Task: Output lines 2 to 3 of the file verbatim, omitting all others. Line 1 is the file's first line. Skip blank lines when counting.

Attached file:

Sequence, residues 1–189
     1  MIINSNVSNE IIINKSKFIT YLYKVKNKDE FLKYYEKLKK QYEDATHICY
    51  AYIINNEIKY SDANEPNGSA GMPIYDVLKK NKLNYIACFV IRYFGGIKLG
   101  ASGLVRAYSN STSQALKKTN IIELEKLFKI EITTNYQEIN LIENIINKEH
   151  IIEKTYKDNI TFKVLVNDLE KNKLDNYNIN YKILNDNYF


     1  MIINSNVSNE IIINKSKFIT YLYKVKNKDE FLKYYEKLKK QYEDATHICY
    51  AYIINNEIKY SDANEPNGSA GMPIYDVLKK NKLNYIACFV IRYFGGIKLG